This article discusses the primary means by which organizations must view the rewards process in terms of shareholder value and human capital. The next component of the discussion will identify the most important components of established reward plans.

An article by Hale and Bailey entitled Seven Dimensions of Successful Reward Plans provides an analysis of the important components of reward systems. It is anticipated that as employees invest their time and commitment to an organization, they will be increasingly valued and recognized accordingly through various opportunities for rewards. Such rewards do not just include salary, but also consider tuition assistance, flexible work schedules, stock options, merchandise, and travel opportunities (71). Rewards that are closely connected to business strategy will increase shareholder value, as employee performance is maximized and financial returns are greater. Superior business results are attainable if the following seven principles are utilized in daily business practices:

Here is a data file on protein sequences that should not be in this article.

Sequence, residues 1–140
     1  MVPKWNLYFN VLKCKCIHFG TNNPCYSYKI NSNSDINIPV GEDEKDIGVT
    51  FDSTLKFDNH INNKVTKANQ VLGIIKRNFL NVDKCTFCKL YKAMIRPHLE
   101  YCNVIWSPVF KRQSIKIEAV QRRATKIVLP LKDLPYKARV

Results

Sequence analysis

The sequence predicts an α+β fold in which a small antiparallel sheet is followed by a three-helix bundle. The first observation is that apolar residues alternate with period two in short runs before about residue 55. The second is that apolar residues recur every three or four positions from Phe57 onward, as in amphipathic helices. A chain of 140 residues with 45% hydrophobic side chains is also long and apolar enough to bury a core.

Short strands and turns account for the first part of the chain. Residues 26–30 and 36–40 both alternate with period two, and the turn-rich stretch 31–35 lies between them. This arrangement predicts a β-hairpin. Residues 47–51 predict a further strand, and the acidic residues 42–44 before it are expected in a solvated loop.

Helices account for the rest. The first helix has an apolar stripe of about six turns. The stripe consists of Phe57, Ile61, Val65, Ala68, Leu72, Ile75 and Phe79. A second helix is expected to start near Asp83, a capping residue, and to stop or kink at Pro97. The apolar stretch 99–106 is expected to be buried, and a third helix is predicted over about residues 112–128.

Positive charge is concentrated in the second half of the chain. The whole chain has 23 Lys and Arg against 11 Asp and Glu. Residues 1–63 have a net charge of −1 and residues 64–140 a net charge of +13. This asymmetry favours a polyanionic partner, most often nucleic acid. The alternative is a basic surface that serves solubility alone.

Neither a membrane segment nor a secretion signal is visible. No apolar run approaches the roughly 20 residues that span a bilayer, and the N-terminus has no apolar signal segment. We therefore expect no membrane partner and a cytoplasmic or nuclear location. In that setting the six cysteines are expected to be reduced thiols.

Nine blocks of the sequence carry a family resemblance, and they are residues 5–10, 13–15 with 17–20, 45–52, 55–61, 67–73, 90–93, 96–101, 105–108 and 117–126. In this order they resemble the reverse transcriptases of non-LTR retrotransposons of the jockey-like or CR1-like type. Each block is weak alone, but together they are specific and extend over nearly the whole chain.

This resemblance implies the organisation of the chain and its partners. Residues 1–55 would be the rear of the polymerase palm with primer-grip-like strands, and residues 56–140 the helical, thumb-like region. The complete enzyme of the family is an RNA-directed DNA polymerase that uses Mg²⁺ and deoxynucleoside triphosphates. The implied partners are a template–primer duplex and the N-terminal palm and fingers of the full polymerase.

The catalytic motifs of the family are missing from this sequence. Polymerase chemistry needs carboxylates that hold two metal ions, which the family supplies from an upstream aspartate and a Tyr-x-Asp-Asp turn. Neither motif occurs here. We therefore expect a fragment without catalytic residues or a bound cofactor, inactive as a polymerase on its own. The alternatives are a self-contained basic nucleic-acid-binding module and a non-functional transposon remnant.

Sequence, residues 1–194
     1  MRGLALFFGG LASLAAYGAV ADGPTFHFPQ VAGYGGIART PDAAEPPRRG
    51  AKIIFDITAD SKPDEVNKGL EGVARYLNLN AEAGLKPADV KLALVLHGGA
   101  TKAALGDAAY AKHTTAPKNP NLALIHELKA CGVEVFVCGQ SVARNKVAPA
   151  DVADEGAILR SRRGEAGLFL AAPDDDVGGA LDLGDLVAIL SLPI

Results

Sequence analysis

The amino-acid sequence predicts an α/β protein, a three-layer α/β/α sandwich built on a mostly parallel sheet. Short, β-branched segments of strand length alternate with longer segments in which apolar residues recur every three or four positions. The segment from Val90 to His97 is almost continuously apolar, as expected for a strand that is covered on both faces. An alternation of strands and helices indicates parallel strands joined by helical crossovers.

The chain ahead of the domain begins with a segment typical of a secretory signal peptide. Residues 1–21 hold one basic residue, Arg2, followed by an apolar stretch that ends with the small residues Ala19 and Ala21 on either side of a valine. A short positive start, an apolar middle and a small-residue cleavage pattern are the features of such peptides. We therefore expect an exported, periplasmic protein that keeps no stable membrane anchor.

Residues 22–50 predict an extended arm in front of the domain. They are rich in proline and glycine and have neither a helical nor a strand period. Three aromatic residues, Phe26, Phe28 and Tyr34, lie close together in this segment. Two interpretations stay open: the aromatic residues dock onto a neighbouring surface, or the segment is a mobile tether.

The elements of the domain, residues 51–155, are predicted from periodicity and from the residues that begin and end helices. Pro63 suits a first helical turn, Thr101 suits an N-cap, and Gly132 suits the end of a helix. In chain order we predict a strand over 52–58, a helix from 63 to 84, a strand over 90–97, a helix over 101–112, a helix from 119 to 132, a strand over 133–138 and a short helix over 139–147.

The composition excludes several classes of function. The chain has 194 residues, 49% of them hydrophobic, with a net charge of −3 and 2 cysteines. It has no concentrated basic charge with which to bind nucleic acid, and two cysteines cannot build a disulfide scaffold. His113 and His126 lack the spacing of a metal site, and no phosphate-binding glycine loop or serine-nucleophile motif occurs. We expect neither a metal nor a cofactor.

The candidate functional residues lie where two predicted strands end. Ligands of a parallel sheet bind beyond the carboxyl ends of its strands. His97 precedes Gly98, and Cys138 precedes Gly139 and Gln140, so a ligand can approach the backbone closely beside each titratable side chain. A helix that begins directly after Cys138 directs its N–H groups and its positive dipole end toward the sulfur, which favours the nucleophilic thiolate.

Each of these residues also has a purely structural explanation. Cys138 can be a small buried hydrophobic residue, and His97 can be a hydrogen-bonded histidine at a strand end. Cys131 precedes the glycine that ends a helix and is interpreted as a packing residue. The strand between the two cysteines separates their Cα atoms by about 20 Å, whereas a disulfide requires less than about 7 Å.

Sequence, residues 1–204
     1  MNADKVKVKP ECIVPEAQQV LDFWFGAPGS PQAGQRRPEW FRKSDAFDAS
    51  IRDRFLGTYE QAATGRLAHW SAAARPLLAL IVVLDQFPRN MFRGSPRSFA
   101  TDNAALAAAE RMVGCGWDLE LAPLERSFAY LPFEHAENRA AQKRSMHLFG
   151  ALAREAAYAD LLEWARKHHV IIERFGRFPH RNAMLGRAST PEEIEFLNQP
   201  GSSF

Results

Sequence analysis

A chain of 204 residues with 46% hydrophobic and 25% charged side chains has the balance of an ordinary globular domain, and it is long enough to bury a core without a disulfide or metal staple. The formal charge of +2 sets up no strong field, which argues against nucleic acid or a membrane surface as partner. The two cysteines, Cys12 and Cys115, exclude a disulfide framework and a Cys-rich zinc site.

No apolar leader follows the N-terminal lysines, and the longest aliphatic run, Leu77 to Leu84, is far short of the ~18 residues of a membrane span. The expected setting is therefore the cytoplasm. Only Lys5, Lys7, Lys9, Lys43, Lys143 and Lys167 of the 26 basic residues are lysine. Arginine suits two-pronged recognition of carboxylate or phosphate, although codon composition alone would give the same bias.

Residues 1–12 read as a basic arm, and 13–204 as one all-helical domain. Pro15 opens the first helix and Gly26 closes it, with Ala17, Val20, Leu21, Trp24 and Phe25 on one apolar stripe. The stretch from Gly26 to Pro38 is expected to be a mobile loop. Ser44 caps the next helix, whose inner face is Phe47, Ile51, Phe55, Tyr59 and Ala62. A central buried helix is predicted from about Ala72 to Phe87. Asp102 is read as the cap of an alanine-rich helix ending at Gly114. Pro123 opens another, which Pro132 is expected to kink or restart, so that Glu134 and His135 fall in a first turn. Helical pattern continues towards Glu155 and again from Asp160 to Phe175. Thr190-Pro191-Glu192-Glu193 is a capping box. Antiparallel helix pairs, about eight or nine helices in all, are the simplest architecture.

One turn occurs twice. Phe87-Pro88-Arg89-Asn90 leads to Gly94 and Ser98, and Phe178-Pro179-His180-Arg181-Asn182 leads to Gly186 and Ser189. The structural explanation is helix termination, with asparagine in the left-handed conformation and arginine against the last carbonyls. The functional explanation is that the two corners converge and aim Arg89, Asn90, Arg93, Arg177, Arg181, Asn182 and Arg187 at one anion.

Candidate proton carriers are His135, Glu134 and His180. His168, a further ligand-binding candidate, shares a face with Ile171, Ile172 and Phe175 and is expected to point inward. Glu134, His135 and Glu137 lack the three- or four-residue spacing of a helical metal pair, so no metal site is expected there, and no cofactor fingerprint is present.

Superior performance should be rewarded accordingly: Although this concept seems a bit primitive, many employees do not believe that their employers take this into consideration, although employees clearly recognize…[continue]